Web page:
Last night I watched:
- "Someone to Watch Over Me": This episode is basically Voyager's retelling of Pygmalion, with the Doctor cast as Henry Higgins and Seven of Nine cast as Eliza Doolittle. It wasn't one of my favorites; as a general rule, I haven't enjoyed the romantic storylines on "Voyager". The one exception being Tom Paris and B'Elanna Torres, mainly because they're a little more human and a little less evolved than most of the characters, and after their initial infatuation, their relationship is most threaded in the background of episodes rather than a frequent primary focus. The episode has two saving graces: Robert Picardo's performance as the Doctor makes it play better than it has any right to, and the subplot with the Iyaaran ambassador basically embarking on Rumspringa (and Neelix trying, and failing, to keep him on the straight and narrow) was hilarious.
- "11:59": There was a lot I enjoyed about this episode: The contrasts between Janeway's recounting of events as remembered by the family through the generations and the actual events; Roy De Soto from "Emergency!" popping up as the recalcitrant bookstore owner and Janeway's other ancestor; that beautiful bookstore set; the glimpses we got of what Voyager's like during the quiet times between episodes; the boldness of telling an entirely domestic story inside a Star Trek show. My one issue with it is that telling a near-future story has its perils, primarily the fact that the episode will be dated quickly. Obviously, there was no massive self-sustaining civic environment completed in rural Indiana in 2012. There have been other things, particularly things predicted in the original series, that make it pretty clear that the Star Trek prime universe is set in an alternate timeline that likely diverged sometime around the late nineteenth century (with the birth of Edith Keeler) but closely paralleled our own through at least the early years of the twenty-first century. So it's not like they can't do things that didn't actually happen in real history. But when they do, it's a reminder that this isn't our future and it punctures my suspension of disbelief.
- "Relativity": This one of those time travel episodes that's pretty meh. The show has some Back to the Future: Part II-esque fun weaving in and out of previous episodes going all the way back to the pilot, but otherwise there's not much to it.
- "Equinox" (two-parter): The execution of this one wasn't perfect, but the idea behind the episode was strong: What if Voyager had made different choices? Complicating that question is the fact that the Equinox was an even smaller vessel, and much less suited to long-term travel in deep space -- and seems to have traveled a path through the Delta Quadrant that was even more hostile than the one Voyager had traversed. They didn't have luxury of some of the choices Voyager made. That in turn makes the reunion with Voyager its own moral test: Suddenly, they did have choices to make. But, shaped by their experiences in the Delta Quadrant, they made the wrong choices. The casting on this two-parter was strong, as well. John Savage was an interesting choice to play Captain Ransom. In the first half, serving as the fifth season finale, he was very much playing to type: the darker, more hardened parallel to Janeway. However, in the second half, serving as the sixth season premiere, he was very much playing against type: His character goes on a moral journey and ultimately re-embraces his morality even as it costs him his life. Titus Welliver, so good as Bosch, plays a first officer who shares many qualities with that character but has gone too far over the line. Commander Burke's refusal to re-embrace his morality ends up costing him his life. Rick Worthy, so great as Dean Fogg on "The Magicians", brings a certain gravitas to crewman Lessing. My main issue with this two-parter is that I didn't believe that Janeway would go to the extremes she went to. They clearly want to having contrasting paths, where Janeway goes dark as Ransom returns to the light, but it just didn't work. Voyager has faced much worse challenges before and Janeway remained far more level-headed. I also don't like that, after she pulls herself back from the brink and the situation is resolved, there's no lasting fallout. The actions Janeway took during this episode should have damaged her relationships with Chakotay and Tuvok, and repairing those relationships should have had to be earned.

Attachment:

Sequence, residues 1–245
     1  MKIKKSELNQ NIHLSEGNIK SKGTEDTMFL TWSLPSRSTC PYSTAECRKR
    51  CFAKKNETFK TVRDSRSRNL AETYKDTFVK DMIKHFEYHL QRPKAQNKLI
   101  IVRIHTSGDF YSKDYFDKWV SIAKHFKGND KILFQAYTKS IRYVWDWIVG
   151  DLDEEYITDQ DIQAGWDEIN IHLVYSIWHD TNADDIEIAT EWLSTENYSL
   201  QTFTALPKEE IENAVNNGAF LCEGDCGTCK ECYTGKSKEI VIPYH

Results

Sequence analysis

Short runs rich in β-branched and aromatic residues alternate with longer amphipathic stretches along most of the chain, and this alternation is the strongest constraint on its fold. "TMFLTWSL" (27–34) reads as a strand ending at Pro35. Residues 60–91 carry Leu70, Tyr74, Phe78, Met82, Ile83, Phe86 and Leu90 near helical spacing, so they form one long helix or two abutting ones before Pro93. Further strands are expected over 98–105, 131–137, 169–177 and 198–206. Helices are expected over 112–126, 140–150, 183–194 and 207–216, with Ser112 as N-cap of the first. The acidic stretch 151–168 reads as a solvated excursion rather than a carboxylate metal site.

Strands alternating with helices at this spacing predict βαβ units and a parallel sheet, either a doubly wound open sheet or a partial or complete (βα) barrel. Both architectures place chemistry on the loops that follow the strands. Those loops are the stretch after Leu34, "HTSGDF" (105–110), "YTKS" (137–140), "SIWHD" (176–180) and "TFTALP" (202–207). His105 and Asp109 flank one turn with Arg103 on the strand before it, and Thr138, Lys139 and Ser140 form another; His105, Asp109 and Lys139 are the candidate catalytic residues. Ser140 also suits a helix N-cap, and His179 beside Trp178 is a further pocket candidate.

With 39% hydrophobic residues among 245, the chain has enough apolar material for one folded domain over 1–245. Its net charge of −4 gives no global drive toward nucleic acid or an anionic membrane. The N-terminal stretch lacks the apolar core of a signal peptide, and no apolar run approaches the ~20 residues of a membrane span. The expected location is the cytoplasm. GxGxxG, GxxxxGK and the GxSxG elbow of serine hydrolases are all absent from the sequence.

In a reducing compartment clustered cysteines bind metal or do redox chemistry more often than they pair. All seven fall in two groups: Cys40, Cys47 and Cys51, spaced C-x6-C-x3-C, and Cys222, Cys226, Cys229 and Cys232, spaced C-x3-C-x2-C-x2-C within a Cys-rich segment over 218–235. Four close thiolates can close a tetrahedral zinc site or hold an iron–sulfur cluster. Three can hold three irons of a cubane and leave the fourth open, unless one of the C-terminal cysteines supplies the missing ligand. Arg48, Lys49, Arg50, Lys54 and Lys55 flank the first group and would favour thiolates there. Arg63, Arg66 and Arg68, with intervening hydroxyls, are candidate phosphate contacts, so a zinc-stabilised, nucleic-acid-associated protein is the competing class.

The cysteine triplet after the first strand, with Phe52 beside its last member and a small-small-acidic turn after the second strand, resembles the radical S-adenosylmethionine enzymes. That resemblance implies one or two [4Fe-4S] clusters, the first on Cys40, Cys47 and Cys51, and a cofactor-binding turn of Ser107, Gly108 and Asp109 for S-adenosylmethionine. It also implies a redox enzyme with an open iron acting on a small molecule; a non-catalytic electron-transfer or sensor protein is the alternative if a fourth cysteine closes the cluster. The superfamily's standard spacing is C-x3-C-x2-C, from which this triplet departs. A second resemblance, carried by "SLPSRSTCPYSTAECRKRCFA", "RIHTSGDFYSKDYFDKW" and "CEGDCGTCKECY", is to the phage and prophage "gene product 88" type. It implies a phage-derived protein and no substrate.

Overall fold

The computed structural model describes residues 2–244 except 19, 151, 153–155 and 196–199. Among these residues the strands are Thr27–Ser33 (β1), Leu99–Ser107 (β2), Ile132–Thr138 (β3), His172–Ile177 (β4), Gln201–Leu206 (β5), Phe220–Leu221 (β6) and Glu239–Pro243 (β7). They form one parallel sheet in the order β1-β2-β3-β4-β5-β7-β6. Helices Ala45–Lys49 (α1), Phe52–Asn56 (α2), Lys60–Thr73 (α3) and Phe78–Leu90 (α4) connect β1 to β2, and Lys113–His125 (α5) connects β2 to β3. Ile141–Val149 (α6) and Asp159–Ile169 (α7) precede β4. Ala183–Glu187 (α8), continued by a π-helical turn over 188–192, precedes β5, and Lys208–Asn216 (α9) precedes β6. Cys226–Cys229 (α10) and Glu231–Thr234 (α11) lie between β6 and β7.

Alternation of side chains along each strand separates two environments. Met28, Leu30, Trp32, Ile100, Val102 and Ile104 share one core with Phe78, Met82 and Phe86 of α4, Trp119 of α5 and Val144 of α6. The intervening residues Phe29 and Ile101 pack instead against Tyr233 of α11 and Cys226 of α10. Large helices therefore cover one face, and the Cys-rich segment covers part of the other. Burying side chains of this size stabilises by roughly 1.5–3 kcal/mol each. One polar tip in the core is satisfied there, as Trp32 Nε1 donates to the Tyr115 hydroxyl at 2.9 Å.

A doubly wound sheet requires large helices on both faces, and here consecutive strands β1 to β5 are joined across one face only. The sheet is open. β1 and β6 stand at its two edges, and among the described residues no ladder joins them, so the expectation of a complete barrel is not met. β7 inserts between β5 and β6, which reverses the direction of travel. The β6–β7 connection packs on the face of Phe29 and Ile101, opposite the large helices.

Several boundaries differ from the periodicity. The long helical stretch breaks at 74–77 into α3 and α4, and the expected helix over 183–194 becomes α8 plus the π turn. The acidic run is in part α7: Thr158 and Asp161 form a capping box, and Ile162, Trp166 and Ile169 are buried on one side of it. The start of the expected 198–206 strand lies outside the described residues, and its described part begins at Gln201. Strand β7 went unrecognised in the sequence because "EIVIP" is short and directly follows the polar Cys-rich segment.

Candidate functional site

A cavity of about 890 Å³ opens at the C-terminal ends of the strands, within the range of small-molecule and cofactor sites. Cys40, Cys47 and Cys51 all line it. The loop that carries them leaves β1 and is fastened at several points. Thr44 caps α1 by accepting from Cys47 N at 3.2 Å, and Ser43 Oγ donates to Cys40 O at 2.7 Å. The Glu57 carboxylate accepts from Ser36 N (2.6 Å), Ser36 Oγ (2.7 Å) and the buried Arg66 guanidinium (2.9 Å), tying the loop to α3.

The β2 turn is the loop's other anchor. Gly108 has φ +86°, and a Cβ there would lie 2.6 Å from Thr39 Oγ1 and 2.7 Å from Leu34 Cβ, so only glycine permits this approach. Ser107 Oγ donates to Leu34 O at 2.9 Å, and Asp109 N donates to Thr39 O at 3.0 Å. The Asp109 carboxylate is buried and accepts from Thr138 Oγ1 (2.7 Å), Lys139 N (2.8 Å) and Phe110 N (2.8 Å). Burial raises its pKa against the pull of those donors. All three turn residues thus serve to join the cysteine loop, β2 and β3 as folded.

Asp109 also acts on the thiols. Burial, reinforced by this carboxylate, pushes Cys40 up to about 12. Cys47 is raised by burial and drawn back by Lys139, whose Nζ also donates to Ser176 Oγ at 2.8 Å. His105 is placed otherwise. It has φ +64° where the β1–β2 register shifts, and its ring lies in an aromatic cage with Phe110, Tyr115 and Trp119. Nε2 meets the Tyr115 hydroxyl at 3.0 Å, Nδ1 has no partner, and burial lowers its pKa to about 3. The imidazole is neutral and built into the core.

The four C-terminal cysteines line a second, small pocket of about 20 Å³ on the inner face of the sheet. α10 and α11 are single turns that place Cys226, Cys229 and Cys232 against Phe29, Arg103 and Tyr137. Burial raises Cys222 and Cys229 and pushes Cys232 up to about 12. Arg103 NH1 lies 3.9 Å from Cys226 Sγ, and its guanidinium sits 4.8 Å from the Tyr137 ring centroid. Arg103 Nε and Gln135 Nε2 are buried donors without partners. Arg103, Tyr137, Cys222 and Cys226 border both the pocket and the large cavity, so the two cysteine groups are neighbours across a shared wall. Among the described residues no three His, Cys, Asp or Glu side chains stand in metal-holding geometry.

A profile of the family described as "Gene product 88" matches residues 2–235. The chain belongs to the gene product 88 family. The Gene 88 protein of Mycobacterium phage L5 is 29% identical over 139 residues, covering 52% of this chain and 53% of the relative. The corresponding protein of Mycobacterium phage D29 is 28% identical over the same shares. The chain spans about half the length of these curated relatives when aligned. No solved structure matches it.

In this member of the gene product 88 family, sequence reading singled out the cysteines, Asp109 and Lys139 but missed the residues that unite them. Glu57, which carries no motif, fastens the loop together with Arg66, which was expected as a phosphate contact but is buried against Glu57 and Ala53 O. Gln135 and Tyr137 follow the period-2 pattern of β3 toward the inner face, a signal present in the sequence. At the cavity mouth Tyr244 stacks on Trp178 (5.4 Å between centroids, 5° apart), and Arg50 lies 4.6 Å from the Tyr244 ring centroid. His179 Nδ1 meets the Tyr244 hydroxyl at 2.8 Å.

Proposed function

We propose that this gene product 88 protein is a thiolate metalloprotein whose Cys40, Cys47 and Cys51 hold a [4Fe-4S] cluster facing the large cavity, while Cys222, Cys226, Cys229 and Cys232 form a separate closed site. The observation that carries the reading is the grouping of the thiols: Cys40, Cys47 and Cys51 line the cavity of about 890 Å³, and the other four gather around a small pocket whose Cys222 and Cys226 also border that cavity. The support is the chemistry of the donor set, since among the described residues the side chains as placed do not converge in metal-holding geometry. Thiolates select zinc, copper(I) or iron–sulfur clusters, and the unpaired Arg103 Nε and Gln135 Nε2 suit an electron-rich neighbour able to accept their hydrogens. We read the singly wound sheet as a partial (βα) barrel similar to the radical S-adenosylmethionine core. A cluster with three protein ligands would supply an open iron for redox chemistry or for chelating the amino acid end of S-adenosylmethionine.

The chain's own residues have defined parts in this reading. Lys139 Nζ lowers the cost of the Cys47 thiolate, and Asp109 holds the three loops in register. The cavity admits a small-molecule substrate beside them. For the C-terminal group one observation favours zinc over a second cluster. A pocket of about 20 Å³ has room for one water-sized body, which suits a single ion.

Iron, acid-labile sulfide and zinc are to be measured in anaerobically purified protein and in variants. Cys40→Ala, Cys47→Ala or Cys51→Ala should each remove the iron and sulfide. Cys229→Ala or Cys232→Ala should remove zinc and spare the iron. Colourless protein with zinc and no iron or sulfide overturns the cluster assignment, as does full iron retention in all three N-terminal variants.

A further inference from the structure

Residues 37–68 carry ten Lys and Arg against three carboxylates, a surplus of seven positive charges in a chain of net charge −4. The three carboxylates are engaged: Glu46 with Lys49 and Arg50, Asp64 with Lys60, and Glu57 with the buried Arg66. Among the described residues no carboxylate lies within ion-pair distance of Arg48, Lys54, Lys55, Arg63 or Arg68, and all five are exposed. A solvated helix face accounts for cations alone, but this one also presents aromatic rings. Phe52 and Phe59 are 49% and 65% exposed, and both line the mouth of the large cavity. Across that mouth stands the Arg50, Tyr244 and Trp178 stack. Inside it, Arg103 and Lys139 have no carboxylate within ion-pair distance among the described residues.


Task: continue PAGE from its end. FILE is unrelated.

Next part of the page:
- "Survival Instinct": I can't say I enjoyed this one as much as Bryan did, but it was definitely a very strong episode. I liked how actions from years earlier had lasting consequences. I liked how Seven of Nine did something unspeakable but for very sympathetic reasons. I liked that that problem didn't have a nice pat solution at the end; instead, Seven of Nine was forced to choose between two terrible outcomes and had to decide what the least bad outcome was. The casting for the other drones was strong; even though they only pop up for the one episode, you care about them by the end of the hour. It's one of that moral dilemmas that only exists because Seven of Nine has come far enough along her journey toward individuality to understand and appreciate it. "Survival is insufficient" is a huge milestone on her journey toward becoming human again. I also like the subplot with Naomi Wildman, who helps further Seven of Nine's understanding of what it means to have a chosen family. After this episode, I hope we catch up with Naomi at some point in the second season of "Picard", get to see how that relationship has evolved since Voyager returned to the Alpha Quadrant.